So I just read some fabulous articles by Joel on specs here. (Was written in 2000!!) I read all 4 parts, but I'm looking for some methodical approaches to writing my specs.

I'm the only lonely dev, working on this fairly complicated app (or family of apps) for a very well known finance company.

I've never made something this serious, I started out writing something like a bad spec, an overview of some sorts, and it has wasted a LOT of my time.

I've also made 3 mockup-kinda-thingies for my client so I have a good understanding of what they want. Also released a preview (a throw away working app with the most basic workflow), and I've only written and tested some of the very core/base systems.

I think the mistake I've been making so far is not writing a detailed spec, so I'm getting to it now.

So the whole thing comprises of

  • An MVC website (for admins & data viewing)
  • 2 Silverlight modules (For 2 specific tasks)
  • 1 desktop application

I'm totally short on time, resources and need to get this done quick, also, need to make sure these guys read it up equally quick and painlessly.

  • So how do I go about it, I'm looking for any tips, any real world stuff, how do you guys usually do it?
  • Do you make a mock screenie of every dialog/form/page?

I'm thinking of making a dummy ASP.NET Web Forms project, then filling in HTML files in folders and making it look like my MVC URL structure.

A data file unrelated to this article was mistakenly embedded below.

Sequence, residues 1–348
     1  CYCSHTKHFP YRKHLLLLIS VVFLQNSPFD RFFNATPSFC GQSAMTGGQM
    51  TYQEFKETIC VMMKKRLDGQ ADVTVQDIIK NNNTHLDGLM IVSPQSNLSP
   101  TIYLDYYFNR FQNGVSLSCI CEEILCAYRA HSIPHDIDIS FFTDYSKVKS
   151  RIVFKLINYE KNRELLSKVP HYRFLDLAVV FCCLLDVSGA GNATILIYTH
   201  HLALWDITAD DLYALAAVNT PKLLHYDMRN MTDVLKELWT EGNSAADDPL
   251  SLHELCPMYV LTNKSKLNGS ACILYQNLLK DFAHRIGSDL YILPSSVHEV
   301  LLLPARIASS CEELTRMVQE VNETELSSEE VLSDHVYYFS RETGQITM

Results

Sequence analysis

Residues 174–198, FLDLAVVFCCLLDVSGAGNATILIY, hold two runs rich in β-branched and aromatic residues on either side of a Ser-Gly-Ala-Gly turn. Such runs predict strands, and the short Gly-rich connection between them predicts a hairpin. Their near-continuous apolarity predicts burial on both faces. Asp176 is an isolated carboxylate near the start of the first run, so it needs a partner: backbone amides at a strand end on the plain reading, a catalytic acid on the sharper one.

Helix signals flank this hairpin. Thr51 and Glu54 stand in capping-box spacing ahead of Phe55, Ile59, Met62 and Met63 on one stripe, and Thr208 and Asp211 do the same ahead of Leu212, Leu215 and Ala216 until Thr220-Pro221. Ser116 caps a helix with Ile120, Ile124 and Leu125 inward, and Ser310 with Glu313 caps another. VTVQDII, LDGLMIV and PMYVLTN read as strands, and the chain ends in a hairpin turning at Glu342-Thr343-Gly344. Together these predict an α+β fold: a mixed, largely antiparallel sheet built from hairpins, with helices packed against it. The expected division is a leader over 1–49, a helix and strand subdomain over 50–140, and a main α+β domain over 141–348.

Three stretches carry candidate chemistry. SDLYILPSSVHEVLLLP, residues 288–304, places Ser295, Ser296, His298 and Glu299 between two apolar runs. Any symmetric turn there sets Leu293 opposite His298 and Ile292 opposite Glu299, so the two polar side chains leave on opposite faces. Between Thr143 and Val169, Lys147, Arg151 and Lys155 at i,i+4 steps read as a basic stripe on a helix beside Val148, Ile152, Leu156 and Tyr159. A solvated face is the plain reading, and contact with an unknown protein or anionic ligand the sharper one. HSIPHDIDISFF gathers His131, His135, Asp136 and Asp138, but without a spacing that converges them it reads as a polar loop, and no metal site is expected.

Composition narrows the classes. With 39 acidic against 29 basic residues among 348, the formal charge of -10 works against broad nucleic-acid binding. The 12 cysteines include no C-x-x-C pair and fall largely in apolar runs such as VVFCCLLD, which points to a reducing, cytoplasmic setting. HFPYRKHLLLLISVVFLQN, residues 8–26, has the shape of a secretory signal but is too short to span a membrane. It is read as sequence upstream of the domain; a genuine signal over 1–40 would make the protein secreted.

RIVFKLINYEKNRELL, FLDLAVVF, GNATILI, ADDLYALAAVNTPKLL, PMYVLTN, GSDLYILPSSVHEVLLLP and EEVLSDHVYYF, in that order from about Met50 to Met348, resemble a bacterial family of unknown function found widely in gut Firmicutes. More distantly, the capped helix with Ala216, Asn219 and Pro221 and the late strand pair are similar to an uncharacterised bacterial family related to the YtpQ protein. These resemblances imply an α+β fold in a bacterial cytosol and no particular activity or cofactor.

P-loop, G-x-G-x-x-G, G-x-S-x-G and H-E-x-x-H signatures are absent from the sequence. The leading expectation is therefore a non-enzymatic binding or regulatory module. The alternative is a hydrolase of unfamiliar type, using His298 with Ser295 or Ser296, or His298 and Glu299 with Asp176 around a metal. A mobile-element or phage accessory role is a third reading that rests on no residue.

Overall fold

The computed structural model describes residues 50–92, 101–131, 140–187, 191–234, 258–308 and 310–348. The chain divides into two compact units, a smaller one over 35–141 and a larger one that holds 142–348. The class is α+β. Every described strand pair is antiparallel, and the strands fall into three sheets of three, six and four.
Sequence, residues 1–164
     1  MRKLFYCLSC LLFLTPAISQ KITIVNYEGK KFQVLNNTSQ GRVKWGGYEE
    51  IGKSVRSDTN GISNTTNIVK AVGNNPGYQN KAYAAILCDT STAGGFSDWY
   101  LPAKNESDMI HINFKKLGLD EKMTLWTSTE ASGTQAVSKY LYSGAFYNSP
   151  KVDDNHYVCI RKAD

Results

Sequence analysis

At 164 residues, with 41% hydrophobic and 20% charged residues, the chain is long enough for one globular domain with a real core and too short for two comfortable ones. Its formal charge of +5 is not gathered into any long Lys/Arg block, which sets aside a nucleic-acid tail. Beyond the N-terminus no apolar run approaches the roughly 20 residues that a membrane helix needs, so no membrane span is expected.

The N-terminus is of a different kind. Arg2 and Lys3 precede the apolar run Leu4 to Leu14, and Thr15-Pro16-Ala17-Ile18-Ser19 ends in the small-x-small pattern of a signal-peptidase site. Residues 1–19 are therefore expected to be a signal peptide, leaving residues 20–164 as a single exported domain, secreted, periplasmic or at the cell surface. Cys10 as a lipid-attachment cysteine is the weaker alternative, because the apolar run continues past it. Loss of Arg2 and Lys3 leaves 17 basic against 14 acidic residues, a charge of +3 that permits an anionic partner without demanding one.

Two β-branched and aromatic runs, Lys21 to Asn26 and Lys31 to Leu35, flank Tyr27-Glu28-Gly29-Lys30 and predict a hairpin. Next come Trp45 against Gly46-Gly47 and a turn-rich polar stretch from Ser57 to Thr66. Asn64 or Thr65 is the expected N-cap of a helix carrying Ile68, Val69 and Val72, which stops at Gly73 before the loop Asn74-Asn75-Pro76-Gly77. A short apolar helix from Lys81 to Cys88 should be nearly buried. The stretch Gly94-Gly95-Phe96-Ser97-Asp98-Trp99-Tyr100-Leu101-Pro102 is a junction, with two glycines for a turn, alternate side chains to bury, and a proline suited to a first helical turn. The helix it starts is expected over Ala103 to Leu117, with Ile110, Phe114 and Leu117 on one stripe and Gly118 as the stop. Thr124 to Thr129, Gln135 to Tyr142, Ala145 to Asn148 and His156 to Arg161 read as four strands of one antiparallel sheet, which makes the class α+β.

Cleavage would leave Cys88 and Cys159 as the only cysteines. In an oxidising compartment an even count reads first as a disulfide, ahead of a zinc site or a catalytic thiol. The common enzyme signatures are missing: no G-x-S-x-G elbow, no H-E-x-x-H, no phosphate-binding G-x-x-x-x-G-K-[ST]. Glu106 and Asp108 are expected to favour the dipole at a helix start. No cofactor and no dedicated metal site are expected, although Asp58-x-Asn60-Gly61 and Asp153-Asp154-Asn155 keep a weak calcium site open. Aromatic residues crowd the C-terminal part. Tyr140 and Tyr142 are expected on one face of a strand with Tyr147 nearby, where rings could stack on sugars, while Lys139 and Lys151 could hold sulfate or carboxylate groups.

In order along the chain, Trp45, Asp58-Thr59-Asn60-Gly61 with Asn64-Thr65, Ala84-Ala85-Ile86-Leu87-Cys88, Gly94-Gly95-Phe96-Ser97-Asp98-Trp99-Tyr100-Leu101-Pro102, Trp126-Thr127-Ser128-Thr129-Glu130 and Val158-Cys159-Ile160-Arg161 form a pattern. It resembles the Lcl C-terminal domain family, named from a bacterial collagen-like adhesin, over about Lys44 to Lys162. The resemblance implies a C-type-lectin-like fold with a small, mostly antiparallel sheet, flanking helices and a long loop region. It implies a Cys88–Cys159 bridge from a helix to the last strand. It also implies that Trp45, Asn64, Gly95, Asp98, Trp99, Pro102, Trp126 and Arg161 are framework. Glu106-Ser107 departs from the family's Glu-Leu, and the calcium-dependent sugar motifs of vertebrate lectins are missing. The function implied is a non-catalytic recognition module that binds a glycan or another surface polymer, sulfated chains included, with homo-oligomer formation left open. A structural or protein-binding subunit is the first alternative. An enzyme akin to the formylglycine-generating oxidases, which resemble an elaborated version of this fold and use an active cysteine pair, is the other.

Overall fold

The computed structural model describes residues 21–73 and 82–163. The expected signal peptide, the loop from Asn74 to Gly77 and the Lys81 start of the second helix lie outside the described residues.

Then having a section in the spec for the website and write up a page for every URL I've got with a screenie.

For my win forms app, I've made somewhat of a demo Win Form project, would I then put in a dialog or structure everything as I would in the real app and then screen shot it?

For some background into this question. I've always been a crazy jump-to-code kinda guy, which has worked OK, but for the app I'm working on, it's not only complex, it's for a very very reputed and large company and I have to get it right!

(And it has been going well so far, today I gave a demo of the preview version which a lot of people liked!! =D )

If I do get the initial design right I will also have a great business with this company, there are already many thinking about new "awesome" features which they're ready to pay for.

  • Is this for you? Did the client request it? Are you expecting more developers to join the team?
    – JeffO
    Commented Jan 6, 2011 at 20:24
  • Its mainly to aid my development. Every now and then I get random finance guys telling me "oh we should do xxx or yyy" when we're already discussed it, then sometimes in some meetings people just suggest random features, worst part is, I never have a proper way of adding the extra features for extra charges because my so called spec earlier was just nothing but a summary! Basically I have most problems Joel Spolsky mentions in his article when you don't write a spec.
    – gideon
    Commented Jan 7, 2011 at 13:27

1 Answer 1


Did you read part 2 of the article or his sample specification? They embody a couple important principles when writing a specification.